It’s not easy to spot northern anchovies in murky sea water, but a school of these 10-centimetre-long fish can often set off a frenzy of hungry seabirds and sea mammals that reveals their underwater dance.
The sight of anchovy scales catching the glint of the sun is becoming more common in B.C. waters, marine biologists say, and that could be drawing other, bigger species back to busy waterways like the Burrard Inlet in Metro Vancouver.
Rod MacVicar is convinced the fish helped lure a humpback whale closer to the shores of Port Moody, B.C., than he’s ever seen, just a few weeks ago.
MacVicar, a marine biologist and co-founder of the Mossom Creek Hatchery in Port Moody, says he recently spotted a school of anchovies and netted a few of them to be sure — positively identifying the 10-centimetre-long fish by their “inferior shark-like” mouths.
He believes warming sea water is enabling anchovies to re-establish near his home.
Northern anchovies, once a food source for Indigenous people living in what is now the Burrard Inlet, were more common south of B.C. over the past century.
But University of Victoria researcher Will Duguid, who studies chinook salmon ecology, published a study late last year showing the number of anchovies in the Salish Sea increasing in tandem with sea temperatures.
He is not surprised that anchovies are showing up in the Burrard Inlet, Indian Arm and near the shores of Port Moody.
A 10-centimetre-long fish represents an anchovy that’s about a year old. MacVicar believes that indicates the fish spawned locally in the pelagic zone, or upper, warmer zone of the seawater.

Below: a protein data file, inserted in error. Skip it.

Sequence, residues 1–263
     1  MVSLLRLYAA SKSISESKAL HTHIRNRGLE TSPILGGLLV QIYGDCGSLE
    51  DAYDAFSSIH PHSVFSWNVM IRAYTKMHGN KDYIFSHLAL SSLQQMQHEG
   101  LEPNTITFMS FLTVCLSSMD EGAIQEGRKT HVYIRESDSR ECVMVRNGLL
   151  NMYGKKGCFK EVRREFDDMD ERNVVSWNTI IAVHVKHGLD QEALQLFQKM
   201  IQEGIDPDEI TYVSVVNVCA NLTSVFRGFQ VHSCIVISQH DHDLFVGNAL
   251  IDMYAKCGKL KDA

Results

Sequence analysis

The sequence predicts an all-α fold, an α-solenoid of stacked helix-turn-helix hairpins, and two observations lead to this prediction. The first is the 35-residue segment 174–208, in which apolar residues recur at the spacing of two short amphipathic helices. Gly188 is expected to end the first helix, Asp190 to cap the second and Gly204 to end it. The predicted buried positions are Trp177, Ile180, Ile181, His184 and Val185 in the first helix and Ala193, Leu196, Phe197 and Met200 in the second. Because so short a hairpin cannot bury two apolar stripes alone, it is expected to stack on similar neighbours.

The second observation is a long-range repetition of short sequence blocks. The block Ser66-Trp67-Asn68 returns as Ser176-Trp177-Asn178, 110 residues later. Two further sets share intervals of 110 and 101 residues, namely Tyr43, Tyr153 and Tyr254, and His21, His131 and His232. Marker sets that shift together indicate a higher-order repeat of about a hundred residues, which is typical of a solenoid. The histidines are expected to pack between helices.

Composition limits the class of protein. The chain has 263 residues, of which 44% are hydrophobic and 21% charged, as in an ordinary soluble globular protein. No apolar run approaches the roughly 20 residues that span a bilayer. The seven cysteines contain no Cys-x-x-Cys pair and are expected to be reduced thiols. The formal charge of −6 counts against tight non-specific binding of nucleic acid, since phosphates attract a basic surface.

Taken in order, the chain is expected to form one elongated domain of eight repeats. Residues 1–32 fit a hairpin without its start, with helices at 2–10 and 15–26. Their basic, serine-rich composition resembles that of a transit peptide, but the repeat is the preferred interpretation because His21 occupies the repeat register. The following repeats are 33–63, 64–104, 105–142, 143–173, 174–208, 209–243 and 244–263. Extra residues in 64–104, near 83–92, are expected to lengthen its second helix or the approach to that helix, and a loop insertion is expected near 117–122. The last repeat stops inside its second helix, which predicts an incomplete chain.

He says temperatures in the harbour have been rising consistently since 2016. While, generally, rising ocean temperature are seen as negative as the change can bleach coral and jeopardize breeding grounds, MacVicar says the warmer waters in the harbour of the Port Moody arm of Burrard Inlet may be “perfect” for anchovies. He monitors the area and says it’s often 17 C.
Light show attracts predators
Anchovies often provide “conspicuous shows” near shore, drawing predators to feed, as seen near the White Rock pier last December.
Duiguid says a school of anchovies is unmistakable because the fish flare their gill covers as they feed on plankton, providing “conspicuous shows” and drawing predators to feed.
“It almost looks like you are looking at the stands at a sports game with all the flash bulbs going off and they are all exactly the same size and shape of flashes,” he said.
In Port Moody, MacVicar says the anchovies are attracting dozens of Arctic Sabine’s gulls and, this past week, a pigeon guillemot, a bird more common to the open ocean.
He says he’s seeing more sea lions and seals in the area, and with them, potentially, come transient, mammal-eating orcas.
But his biggest treat came a few weeks ago, when he got to witness a humpback feed for hours.
“For the first time in my lifetime, I saw a humpback whale feeding in Port Moody,” MacVicar said.
MacVicar said a reduction in pollution in the waters off Port Moody may also be helping the fish — as well as other species like sea urchins and sea cucumbers — reappear.
Effect on salmon
Historically, the numbers of anchovies seem to rise as salmon stocks fall, but it’s not clear if an increase in their numbers will help or hurt the larger fish. Researchers are hopeful.
“They are an alternative food source for salmon and they increase the diversity of the prey base, so I don’t imagine them having a negative effect. It’s quite possible they will have a positive effect,” said Duguid.
MacVicar says the anchovy “bloom” is likely protecting the salmon fry that swim from the hatcheries into the inlet each year, by distracting predators.
“I notice the seals are just about filled up on anchovies, so it probably is reducing the [predatory] pressure on salmon,” said MacVicar.
If northern anchovies re-establish long term, they could potentially feed more than seals. Anchovies sustain the world’s largest fishery in South America and could offer an alternative to B.C.’s herring fishery, MacVicar says.